The Key Issues
New research shows that the frequency of extreme storms in the Sahel has tripled in the last 35 years, apparently in response to global climate change. In Burkina Faso, this period has also been marked by large-scale urbanisation, but accompanied by low levels of investment in flood-resilient infrastructure and management. The combination of these processes has led to a sharp increase in flood frequency and damage, with significant socio-economic impacts across the country. The impacts have been particularly severe in Ouagadougou, notably in the major flood of 2009, when a record-breaking 263 mm rainfall was recorded in the city, and tens of thousands of people were displaced from their homes. Both climate change and urban expansion are expected to continue to drive an upward trend in flooding in the future. The new scientific understanding will be vital to informing the development of climate information and products that can support appropriate planning for Ouagadougou city, to strengthen the resilience of the city’s people and infrastructure to enhanced understanding of increasing future flood risks.
In developing the AMMA-2050 proposal, the 2009 flood event in Ouagadougou quickly became a key reference point. Stakeholders wanted to understand whether climate change played a role in this damaging event, and importantly, whether it was likely to recur in the future. At the same time, scientists wanted to understand what was driving the apparent increase in heavy rain events. We therefore brought together a team of researchers to analyse past records (including rain gauges, satellite measurements and reports of flooding in newspapers) to try to understand historical trends and place them in the context of global warming. As we investigated this further, we realized an important message was emerging – that the characteristics of storms in the region have been changing remarkably rapidly. We recognized that the rapid warming observed in the Sahara in recent decades was affecting the atmospheric environment in which Sahelian storms develop. Contrary to conventional thinking, the data highlighted changes in wind rather than moisture as the key to driving trends in storm intensity. Such an effect had not previously been observed anywhere in the world. At the same time, analysis of floods reported in the Burkinabe press showed an increase in flood occurrence from typically one per year during the 1980s to 5 per year in the most recent decade. As in the rest of Africa, urbanization has certainly played an important role in this trend. However, the work shows that the impacts of climate change on flood frequency are already being felt in this region.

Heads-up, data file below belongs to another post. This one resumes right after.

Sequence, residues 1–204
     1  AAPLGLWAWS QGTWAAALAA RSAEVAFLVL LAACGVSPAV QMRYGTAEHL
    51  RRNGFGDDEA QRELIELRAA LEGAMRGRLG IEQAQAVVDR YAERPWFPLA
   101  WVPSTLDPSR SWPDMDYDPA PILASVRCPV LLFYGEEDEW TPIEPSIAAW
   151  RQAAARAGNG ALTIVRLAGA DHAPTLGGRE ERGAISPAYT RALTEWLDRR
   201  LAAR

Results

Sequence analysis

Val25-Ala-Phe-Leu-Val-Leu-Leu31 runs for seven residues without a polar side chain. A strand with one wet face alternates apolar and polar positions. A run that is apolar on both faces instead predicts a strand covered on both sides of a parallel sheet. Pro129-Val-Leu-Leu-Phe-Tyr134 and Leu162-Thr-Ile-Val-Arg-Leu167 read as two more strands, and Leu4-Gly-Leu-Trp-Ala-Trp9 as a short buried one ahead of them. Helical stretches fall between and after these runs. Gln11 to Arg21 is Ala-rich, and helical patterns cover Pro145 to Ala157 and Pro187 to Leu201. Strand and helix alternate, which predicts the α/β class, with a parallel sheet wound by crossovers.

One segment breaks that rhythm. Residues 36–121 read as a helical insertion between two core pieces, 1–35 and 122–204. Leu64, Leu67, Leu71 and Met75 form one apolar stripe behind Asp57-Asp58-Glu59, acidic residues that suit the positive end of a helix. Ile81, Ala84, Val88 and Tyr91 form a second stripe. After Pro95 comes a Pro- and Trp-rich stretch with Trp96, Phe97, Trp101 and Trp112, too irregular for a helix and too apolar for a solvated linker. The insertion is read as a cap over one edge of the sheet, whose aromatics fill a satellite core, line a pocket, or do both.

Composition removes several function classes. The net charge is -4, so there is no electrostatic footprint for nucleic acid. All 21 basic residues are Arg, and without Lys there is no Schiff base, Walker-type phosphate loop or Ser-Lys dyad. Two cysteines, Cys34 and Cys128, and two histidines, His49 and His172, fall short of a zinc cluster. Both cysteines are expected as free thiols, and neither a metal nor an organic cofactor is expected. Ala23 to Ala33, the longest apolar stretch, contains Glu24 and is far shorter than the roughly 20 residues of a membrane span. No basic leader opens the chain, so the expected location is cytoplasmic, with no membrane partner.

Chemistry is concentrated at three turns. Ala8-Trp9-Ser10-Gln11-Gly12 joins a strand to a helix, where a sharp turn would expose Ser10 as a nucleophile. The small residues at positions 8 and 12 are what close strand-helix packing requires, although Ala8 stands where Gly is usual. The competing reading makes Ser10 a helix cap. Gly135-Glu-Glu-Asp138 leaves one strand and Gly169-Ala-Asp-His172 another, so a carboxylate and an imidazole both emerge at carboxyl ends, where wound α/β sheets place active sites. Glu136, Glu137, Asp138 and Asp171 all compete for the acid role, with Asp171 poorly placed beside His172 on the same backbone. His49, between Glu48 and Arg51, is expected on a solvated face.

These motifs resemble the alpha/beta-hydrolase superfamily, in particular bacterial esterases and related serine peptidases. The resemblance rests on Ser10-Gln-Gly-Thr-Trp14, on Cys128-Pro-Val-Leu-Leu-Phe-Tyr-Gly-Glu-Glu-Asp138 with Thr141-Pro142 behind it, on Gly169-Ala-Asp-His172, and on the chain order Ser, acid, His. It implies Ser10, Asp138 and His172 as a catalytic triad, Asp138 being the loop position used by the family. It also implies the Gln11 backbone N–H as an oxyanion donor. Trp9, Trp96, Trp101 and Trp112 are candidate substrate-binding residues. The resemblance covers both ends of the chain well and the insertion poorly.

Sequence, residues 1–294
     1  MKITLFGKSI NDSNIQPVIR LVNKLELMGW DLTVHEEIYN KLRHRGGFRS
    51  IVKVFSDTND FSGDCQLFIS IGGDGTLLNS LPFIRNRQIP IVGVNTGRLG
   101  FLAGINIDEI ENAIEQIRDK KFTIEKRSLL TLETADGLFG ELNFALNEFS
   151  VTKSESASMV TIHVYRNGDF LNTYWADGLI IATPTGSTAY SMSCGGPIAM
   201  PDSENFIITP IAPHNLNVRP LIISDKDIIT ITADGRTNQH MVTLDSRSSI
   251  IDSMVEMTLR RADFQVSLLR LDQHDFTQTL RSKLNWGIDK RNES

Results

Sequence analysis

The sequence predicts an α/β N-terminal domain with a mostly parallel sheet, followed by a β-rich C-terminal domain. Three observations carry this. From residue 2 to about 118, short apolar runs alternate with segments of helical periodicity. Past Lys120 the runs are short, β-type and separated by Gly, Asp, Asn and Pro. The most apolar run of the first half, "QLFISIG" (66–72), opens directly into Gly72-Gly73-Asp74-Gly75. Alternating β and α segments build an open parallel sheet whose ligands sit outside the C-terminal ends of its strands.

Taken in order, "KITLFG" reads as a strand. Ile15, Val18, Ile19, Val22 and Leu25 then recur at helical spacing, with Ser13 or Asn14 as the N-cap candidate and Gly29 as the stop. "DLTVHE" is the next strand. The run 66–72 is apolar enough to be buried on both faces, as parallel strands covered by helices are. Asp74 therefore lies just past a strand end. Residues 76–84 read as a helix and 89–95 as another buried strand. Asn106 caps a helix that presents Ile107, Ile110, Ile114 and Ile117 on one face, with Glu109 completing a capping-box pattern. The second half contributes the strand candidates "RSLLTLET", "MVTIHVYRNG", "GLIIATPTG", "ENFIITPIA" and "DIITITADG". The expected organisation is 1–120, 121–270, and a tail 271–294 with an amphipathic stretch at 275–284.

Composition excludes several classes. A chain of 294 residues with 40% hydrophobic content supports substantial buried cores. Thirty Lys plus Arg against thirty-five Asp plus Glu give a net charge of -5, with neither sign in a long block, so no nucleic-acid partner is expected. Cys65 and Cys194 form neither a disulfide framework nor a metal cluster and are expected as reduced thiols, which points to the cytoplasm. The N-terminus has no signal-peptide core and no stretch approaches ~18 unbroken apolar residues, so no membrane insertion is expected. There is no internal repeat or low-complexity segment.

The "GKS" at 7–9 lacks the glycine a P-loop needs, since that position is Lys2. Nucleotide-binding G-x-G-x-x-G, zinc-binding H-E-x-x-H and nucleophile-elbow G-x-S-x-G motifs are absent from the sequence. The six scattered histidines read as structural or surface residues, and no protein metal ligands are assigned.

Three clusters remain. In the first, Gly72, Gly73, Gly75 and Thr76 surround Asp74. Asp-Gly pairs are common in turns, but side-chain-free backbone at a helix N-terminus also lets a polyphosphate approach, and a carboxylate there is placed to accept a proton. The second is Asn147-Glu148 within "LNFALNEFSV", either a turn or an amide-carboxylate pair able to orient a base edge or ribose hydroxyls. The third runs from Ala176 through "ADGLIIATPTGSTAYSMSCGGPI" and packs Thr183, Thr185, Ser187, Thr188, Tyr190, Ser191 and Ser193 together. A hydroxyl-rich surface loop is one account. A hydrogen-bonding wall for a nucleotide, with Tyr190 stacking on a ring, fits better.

Figure : Annual time series of extreme rain (blue line), intense Mesoscale Convective Systems (MCS; black line) and reported flood events (red bars, data only available 1986-2016))in the Sahelian zone of Burkina Faso.
Identification of a strong trend in extreme storms, and its links to global climate change, highlights the importance of the AMMA-2050 pilot on strengthening urban flood-resilience in the face of climate change. The analysis of historical flood events reported in the Burkinabe press showed an increased flood occurrence in the past 30 years. This occurrence can be linked in part to the increase in extreme storms. It has led AMMA-2050 to develop methodologies for mapping inundation across Ouagadougou from intense storms, taking account of changes in land use and climate. Hydrological modelling allows us to explore how flows and inundated areas may change in the future at the city level in response to climate and land use change. To achieve this goal, collaboration between AMMA-2050 project and RainCell project was initiated. RainCell focuses on hydrological modelling for operational short-term forecasting in Ouagadougou. The projects are therefore complementary, and the data collected by these projects (rainfall and flow) are used as inputs to the hydrological framework modelling to simulate flooding in Ouagadougou.